We’ve built monuments in Pennsylvania, Indiana, Ohio and Florida. There are two in West Virginia – in Dunbar at the veterans cemetery and in Fairmont near my hometown. Fundraising is already underway for 19 monuments that will be placed all over the country. We want a Gold Star Families memorial monument in every community, in every state. That’s our goal, and we’re going to work at it as long as we can. All we need is support from the community and the help of those who are able to help.

Is Huntington planning to build a Gold Star Families memorial monument?

We are going to put one at Spring Hill Cemetery near the Marshall Memorial, but we still need to raise about $20,000. I’d encourage the people of Huntington to go to our website (www.hwwmohfoundation.org) and learn about our program, then assist in making it happen. We’ve already seen a tremendous emotional impact with the memorials. There are fathers who’ve lost children but have never heard the words, “You’re a Gold Star Dad.” This is a father who gave one of his children for our freedom, and no one has ever said that to him. When he’s recognized for that for the first time, it’s tremendous.

It was recently announced that a Naval ship would be named in your honor. You’re only the fourth namesake for this type of ship. What is most special to you about this recognition?

A friend of mine, Ron Wroblewski, is a Huntington Marine who served in Vietnam. He’s the one who started this campaign to get my name on a ship, and before he started he asked me if I had any objections. I said, “No, but you have to be dead to get a ship named after you, and I’m not going to die.” Of course, now they name ships after living people, and Ron has been working to make it happen since 1997. When the Navy called and said it was going to happen, my heart almost quit. Thank the Lord, it didn’t. I am absolutely ecstatic. I am just so appreciative that my country would do that for me.

What gives you the greatest hope for our nation’s future? What gives you the greatest worry?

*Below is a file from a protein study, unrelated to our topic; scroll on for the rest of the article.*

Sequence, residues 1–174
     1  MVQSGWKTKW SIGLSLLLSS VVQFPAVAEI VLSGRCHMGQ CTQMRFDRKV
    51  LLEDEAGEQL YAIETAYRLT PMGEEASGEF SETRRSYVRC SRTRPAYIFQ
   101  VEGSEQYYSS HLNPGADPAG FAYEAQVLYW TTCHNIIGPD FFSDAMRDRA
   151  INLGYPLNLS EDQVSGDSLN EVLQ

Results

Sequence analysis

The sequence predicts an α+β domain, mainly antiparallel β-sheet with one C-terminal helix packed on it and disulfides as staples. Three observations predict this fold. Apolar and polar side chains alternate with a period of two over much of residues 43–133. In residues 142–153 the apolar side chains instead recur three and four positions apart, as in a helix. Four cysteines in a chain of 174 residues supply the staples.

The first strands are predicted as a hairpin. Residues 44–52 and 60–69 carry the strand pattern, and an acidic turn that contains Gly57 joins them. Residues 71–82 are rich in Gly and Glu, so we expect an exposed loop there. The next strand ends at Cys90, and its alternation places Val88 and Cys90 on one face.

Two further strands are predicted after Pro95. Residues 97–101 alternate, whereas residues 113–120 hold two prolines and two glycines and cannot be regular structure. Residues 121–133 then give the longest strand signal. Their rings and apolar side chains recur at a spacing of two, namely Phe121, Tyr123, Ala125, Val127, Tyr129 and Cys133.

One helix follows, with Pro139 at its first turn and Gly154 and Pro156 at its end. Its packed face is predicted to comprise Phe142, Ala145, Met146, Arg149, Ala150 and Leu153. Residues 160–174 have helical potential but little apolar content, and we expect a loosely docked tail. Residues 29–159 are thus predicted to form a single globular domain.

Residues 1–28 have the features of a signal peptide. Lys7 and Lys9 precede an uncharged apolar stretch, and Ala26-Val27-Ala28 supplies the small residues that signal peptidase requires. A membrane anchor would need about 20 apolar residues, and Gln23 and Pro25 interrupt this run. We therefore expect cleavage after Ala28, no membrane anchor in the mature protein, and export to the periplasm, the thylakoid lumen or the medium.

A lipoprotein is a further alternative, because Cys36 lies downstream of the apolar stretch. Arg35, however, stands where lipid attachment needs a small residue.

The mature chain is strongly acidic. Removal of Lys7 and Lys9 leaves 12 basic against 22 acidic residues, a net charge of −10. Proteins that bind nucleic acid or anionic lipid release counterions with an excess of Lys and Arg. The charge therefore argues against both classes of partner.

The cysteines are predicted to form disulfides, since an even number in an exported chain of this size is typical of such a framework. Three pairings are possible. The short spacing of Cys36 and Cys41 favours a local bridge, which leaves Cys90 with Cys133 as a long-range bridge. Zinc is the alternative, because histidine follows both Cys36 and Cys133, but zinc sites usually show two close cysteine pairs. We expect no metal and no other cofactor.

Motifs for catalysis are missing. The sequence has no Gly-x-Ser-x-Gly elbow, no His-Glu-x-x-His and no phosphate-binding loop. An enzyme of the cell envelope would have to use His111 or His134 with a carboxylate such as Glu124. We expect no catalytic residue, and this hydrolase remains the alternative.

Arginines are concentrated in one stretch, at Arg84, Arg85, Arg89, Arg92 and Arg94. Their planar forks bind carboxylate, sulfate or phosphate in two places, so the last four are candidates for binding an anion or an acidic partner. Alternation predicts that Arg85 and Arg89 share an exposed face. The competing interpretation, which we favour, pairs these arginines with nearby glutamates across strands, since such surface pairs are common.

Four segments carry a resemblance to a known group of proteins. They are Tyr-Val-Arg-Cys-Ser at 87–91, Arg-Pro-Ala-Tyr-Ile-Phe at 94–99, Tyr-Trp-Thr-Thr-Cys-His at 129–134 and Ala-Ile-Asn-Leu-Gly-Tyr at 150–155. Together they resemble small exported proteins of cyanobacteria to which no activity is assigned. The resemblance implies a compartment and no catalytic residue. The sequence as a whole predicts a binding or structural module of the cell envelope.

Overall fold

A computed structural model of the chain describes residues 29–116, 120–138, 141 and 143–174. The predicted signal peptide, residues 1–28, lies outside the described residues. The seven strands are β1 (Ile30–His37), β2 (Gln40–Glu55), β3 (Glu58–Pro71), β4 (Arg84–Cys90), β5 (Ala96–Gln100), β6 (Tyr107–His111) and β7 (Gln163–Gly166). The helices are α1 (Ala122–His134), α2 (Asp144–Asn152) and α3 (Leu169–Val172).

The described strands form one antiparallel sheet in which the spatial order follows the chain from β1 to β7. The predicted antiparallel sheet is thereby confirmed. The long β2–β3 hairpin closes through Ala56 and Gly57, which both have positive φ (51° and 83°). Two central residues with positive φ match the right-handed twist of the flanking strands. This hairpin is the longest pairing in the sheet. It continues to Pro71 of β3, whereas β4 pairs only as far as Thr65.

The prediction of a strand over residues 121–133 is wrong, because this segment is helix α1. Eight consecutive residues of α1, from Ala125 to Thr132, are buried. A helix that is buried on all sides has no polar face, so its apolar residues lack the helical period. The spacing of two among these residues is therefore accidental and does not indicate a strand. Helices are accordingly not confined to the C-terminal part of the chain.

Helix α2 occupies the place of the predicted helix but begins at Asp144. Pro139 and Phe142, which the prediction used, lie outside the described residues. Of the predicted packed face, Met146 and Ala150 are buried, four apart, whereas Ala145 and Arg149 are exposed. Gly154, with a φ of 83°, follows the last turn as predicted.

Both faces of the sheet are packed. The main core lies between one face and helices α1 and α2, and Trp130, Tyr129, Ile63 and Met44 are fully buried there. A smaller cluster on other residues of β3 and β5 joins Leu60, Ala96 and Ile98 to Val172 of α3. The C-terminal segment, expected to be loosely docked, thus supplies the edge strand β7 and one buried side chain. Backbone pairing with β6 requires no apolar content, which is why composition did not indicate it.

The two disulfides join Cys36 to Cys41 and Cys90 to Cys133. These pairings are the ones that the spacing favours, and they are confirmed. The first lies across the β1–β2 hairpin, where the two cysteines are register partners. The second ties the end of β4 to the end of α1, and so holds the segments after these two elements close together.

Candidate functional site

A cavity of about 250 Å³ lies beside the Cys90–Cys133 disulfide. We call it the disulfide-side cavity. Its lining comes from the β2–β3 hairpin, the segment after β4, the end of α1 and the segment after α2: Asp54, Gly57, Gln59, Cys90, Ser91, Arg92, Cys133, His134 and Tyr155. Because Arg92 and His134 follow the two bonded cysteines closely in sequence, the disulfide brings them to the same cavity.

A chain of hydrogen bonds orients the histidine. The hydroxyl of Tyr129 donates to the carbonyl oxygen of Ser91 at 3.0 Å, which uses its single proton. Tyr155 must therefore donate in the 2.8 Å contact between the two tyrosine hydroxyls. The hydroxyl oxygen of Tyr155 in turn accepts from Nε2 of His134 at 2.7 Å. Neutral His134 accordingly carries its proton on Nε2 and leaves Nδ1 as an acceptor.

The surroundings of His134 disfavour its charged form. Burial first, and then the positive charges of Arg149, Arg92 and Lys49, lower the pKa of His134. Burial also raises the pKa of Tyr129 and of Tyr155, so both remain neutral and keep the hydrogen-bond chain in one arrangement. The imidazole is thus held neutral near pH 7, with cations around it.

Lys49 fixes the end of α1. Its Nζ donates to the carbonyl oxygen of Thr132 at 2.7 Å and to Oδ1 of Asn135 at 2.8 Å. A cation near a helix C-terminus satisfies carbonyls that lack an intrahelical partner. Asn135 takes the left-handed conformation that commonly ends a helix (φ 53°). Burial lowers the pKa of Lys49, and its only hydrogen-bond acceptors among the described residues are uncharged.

The commitment and dedication of our Armed Forces is still there. We still have soldiers who would sacrifice their life for another. It happened just a year ago in Afghanistan – a Marine placed his body on an explosive to save another Marine’s life. But I’m highly concerned about where the leadership of our country is headed with regard to the threats that exist today. I don’t feel like our leaders are taking the initiative and precaution that we ought to be taking to protect the American people. Before Pearl Harbor, we had all kinds of warnings – we didn’t know where or when, but we knew something was going to happen. I feel the same thing is going on today. We are not preparing ourselves for something that I believe will happen sometime in the future. We ought to be doing more than we are.

Do you think our nation has what it takes to win a large-scale conflict like World War II today?

I have no doubt about our Armed Forces. Our Armed Forces will step up to whatever is required. They have the same courage, values and commitment they have always had. But our leaders are not doing what they should to make sure our Armed Forces are prepared. If sequestration (part of the Budget Control Act that mandates $1.2 trillion in cuts across federal agencies, including $500 million to the military) goes into effect, our Marine Corps will have less people in it than we had before World War II. That is just ill advised.

In your service as a Marine, your recognition as a Medal of Honor recipient and your work with your foundation, you’ve encountered individuals from all over the world. What do you love most about the people of West Virginia?

My state has honored me far beyond any expectation I could’ve ever had. I was awarded the highest medal West Virginia gives – the Distinguished West Virginian award. I don’t know of anything that gives me more honor than being called a “West Virginian.” I’ve been around a lot, but West Virginia has always been home to me. It will be my home forever.